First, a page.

In recent years there has been much hype surrounding blockchain technologies and their transformative potential. According to one Deloitte global survey from 2018, the hype may be overdone: such is the view of nearly 40 per cent of informed respondents.
Much of this skepticism stems from the frequently dramatic volatility of crypto-currencies, such as Bitcoin, which are fueled by blockchain platforms. The volatility, in turn, is tied to rampant speculation and fraud that has led numerous governments to clamp down. As one example, South Korea is struggling to contain what amounts to unfettered online gambling, already banning anonymous bank accounts, threatening to completely shut virtual currency exchanges.
Yet as any blockchain enthusiast would point out, crypto-currencies are not to be equated with the underlying blockchain foundations. Some even foresee bright days ahead for crypto-currencies themselves, as none other than Square founder and Twitter CEO Jack Dorsey has spoken about bitcoin’s potential as an eventual global currency – a scenario of interest to Square as it disrupts the financial sector with more decentralized and accessible product offerings, having already enabled bitcoin trading on its platform.
So what is blockchain? According to a recent report on blockchain in government by Deloitte, it’s “a distributed consensus ledger that is shared, thus creating a digital ledger of trusted transactions maintained among and across participants. In place of multiple independent and isolated ledgers, there is a single shared record distributed across every party to the transaction.”
The two critical words here are “trusted” and “shared” – the implication being a transparent and accessible record of transactions outside of the control of any single authority (i.e. essentially user-driven). Yet while the “shared” aspect of blockchain is not in doubt, the “trusted” is more contested, as is always the case with novel and more distributed forms of governance.
In many ways, blockchain mirrors the democratizing spirit of social media and the wisdom of the crowd (a scenario that played out when social media helped organize a crowd that took down one military dictatorship in Egypt only to see another rise in its place) and open source computing (that continues to be challenged by proprietary offerings, with various hybrids now commonplace). The allure lies in circumventing traditional authoritative structures; the risk stems from what sort of creations arise in their place.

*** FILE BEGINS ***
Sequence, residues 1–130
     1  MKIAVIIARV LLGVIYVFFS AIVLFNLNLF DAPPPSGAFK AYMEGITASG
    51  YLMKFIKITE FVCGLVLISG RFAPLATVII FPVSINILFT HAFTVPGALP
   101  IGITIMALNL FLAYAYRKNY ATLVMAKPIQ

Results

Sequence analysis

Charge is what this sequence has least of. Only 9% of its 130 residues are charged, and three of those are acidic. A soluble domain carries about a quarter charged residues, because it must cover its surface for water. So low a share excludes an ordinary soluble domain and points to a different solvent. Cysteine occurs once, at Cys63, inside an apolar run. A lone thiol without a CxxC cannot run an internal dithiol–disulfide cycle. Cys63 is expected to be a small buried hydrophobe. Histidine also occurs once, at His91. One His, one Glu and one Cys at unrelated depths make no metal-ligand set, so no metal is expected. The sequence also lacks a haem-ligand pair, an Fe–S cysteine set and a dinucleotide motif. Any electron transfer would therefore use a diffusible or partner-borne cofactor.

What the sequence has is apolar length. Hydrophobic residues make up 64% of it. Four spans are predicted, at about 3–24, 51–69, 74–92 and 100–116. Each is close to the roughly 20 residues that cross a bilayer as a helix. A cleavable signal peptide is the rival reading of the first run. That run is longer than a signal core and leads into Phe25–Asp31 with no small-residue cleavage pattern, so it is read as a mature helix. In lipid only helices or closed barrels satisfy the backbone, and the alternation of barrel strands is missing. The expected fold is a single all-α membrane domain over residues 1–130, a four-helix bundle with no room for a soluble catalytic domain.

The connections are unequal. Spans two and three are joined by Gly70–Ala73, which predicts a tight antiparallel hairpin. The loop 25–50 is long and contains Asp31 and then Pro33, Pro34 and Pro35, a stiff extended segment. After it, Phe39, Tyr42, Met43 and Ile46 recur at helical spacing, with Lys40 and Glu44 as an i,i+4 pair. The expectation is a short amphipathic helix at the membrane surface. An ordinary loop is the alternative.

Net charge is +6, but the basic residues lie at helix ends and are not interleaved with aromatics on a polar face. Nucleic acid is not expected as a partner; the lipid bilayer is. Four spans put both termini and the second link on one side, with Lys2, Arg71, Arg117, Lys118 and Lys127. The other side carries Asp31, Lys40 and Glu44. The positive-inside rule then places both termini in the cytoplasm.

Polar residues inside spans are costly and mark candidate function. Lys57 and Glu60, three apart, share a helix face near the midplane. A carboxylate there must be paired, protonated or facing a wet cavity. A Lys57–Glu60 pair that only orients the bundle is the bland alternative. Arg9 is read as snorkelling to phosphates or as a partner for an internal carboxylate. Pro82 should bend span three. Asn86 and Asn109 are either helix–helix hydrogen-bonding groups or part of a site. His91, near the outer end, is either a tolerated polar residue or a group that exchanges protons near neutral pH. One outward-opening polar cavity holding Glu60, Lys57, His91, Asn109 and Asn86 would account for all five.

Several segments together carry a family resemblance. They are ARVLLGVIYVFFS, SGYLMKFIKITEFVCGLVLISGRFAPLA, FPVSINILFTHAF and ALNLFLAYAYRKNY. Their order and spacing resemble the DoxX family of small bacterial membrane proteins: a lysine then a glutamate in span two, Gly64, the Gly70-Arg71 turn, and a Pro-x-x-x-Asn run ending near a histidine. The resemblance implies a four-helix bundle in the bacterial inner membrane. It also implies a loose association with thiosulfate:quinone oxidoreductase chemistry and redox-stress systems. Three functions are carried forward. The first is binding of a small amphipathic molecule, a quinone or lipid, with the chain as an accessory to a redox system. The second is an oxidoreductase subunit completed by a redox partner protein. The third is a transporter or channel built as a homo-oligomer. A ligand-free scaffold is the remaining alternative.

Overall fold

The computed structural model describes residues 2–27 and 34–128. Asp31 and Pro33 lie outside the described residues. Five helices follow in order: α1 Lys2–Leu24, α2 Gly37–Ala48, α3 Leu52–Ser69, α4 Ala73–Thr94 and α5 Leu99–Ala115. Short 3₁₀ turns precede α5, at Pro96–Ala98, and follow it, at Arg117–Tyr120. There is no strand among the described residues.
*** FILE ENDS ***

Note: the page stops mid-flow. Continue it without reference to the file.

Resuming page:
As headlines frequently highlight, blockchain is ideally suited to the underworld of online life, namely organized (and not so organized) crime and all sorts of shady actors keenly seeking new ways to operate transnationally and virtually. According to a 2015 report by Europol, “the move to digital finance eliminates face-to-face interactions (and reduces identity risks for organized criminals), allowing anonymous exchange of financial resources.”
This same report highlights the importance of private-public partnerships in combatting such threats and devising new solutions for cyber-stability. And indeed, that is one essential lesson from early blockchain experimentation: that governments must be outward and agile in working with a range of existing and emerging stakeholders in order to devise a workable path forward.
The BC Government, notably, has been experimenting with blockchain in order to improve business registration services. A proponent of wider adoption, IBM has also urged that province to deploy blockchain in the newly legalized realm of cannabis. According to IBM, the technology could help the government limit or eliminate black market sales by tracking cannabis through the entire supply chain — including “where and how cannabis is sourced, sold and priced, from seed to sale.”
Democratic enthusiasts also see great potential to improve online voting. Along with Estonia’s perennial leadership in this realm, the Swiss canton of Zug, a self-proclaimed blockchain capital, has reportedly deployed the technology to successfully and securely underpin electronic voting in a local plebiscite. By contrast, the patchwork of proprietary systems and the absence of province-wide standards brought its own share of problems to several Ontario municipalities in October’s local elections.
For governments, then, avoiding blockchain is simply no option at all, both in terms of regulatory responses and any eventual usage by public sector organizations. If Canada is to compete as a blockchain innovator in the public sector, a Parliamentary inquiry would help spur political awareness and wider societal learning, both future enablers of promise rather than peril.
Jeffrey Roy is professor in the School of Public Administration at Dalhousie University (email@example.com).